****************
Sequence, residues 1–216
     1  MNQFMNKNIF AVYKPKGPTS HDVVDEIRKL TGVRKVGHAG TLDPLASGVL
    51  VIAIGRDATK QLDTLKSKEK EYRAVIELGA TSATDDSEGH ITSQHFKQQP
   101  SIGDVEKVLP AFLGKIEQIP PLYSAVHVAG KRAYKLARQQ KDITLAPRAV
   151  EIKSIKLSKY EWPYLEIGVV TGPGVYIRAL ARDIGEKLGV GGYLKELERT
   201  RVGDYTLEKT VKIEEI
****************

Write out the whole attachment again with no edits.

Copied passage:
Sequence, residues 1–216
     1  MNQFMNKNIF AVYKPKGPTS HDVVDEIRKL TGVRKVGHAG TLDPLASGVL
    51  VIAIGRDATK QLDTLKSKEK EYRAVIELGA TSATDDSEGH ITSQHFKQQP
   101  SIGDVEKVLP AFLGKIEQIP PLYSAVHVAG KRAYKLARQQ KDITLAPRAV
   151  EIKSIKLSKY EWPYLEIGVV TGPGVYIRAL ARDIGEKLGV GGYLKELERT
   201  RVGDYTLEKT VKIEEI